Last week, the Illinois Supreme Court heard argument in a case being closely watched by the civil defense bar: Harris v. One Hope United, Inc. Harris poses a simple question: does Illinois recognize the self-critical analysis privilege? Our detailed summary of the facts and lower court rulings in Harris is here.
As a general rule, courts require three elements for proof of the self-critical analysis privilege: (1) the information sought comes from a critical self-analysis undertaken by the party seeking protection; (2) the public has a strong interest in preserving the free flow of the type of information sought; and (3) the information is of a type whose flow would be curtailed if discovery were allowed.
The defendant in Harris is a private contractor which provides services to troubled families working with the state Department of Child and Family Services. DCFS received a complaint in late 2009 alleging neglect and abuse of a small child. DCFS assigned the matter to the defendant, which commenced an investigation. Two months later, the child was hospitalized, and upon release, was sent to live with her aunt. The child was soon returned to her mother, and not long after, was accidentally drowned.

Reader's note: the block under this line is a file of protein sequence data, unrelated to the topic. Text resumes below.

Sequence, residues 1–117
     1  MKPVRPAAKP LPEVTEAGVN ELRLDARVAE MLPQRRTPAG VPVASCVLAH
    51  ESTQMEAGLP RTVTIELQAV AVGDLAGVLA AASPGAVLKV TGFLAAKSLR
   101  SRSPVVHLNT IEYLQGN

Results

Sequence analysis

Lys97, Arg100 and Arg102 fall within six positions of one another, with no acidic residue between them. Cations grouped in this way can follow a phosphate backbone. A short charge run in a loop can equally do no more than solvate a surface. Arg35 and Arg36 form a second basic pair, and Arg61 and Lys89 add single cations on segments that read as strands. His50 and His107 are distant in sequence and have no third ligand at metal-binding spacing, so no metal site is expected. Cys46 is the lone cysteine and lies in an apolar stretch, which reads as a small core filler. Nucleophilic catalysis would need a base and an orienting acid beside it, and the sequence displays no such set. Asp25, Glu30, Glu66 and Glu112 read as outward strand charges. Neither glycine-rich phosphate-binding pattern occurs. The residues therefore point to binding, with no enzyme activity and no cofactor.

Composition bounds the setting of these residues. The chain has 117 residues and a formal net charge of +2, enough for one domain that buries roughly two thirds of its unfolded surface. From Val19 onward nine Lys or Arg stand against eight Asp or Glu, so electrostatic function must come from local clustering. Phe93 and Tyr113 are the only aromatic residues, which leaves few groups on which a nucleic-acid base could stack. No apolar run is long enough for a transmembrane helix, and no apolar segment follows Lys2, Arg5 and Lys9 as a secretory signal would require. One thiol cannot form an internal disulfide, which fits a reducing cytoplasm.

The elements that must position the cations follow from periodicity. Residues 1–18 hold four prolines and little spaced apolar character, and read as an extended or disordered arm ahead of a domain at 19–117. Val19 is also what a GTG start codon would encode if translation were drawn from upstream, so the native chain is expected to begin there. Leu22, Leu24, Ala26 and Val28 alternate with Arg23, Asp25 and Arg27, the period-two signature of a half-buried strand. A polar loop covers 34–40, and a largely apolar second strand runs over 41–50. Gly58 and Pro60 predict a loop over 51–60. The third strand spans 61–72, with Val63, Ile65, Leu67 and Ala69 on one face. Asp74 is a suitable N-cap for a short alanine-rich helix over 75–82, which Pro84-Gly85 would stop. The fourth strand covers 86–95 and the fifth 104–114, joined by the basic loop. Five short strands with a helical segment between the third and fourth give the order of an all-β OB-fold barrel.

The plaintiff – the Public Guardian of Cook County – sued the defendant and others for wrongful death. The plaintiff alleged that the defendant was negligent in permitting the child to be returned to her mother. During a deposition, the executive director of the defendant disclosed the existence of a “continuous quality review department” which investigates cases and prepares reports about past cases. The defendant refused to produce the report, the plaintiff moved to compel production, the defendant opposed, and the trial court compelled production. On appeal following entry of a “friendly contempt,” the Appellate Court affirmed.